Construction contracts often contain liquidated damage provisions, requiring a contractor to pay a set amount for each day the project is delayed.  But, as the Nebraska Supreme Court recently ruled, in U.S. Pipeline v Northern Natural Gas, an owner can waive liquidated damages where its actions induce the belief that the owner intended to waive liquidated damages.

In this case, the parties agreed that the work would be done in approximately 55 days.  For every day delayed, the contractor would be charged $11,700, up to a maximum of $351,000, or 30 days of liquidated damages.

During construction, the owner submitted a few design and path changes.  Interestingly, at least two major design changes were submitted after the original completion date.  The contractor submitted change orders estimating the anticipated cost to complete the extra work, but did not include a request for additional time.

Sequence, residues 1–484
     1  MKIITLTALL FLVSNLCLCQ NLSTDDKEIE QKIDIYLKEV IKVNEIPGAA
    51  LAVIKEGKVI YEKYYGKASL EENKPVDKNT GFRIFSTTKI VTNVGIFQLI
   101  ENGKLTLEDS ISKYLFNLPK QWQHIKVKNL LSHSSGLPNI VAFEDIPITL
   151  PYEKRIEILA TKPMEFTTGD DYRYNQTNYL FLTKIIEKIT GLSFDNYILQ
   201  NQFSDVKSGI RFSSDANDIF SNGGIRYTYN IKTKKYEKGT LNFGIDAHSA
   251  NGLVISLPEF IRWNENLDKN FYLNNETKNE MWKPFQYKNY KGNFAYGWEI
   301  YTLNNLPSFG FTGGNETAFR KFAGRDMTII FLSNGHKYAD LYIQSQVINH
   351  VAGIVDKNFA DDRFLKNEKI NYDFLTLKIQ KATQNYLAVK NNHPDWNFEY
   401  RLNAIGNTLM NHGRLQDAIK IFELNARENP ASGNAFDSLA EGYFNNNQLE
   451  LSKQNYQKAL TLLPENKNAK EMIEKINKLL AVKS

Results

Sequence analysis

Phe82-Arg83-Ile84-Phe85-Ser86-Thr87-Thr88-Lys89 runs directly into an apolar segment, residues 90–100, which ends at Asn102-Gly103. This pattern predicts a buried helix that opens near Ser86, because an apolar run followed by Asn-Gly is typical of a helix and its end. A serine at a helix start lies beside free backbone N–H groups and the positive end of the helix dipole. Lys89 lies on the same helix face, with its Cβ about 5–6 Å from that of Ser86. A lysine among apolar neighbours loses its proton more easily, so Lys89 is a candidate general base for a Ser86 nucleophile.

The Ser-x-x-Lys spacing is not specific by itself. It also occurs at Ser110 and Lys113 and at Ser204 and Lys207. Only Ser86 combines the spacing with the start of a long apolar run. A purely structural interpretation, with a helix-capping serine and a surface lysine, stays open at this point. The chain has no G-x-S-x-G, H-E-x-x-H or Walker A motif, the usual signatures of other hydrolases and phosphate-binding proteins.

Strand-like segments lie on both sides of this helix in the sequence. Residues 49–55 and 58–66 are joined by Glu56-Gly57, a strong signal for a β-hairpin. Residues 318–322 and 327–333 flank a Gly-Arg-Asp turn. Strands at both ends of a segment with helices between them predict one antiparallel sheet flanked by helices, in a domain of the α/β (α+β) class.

At the end of the project, the owner assessed the maximum amount of liquidated damages and deducted this amount from the final payment.

U.S. Pipeline sued, claiming that the owner waived any claim for liquidated damages.  The court agreed, finding that by requesting extra work that would clearly exceed the substantial completion date and by failing to inform U. S. Pipeline that it intended to enforce the liquidated damages provision, Northern Natural Gas waived its right to enforce the liquidated damages provision.

Take Away: Liquidated damage provisions are enforceable, but an owner must consistently act to support its intent to enforce such a provision.  This means raising the issue of liquidated damages at every turn to make it clear that the owner intends to enforce the provision. Otherwise, an owner will be open to arguments that the claim was waived.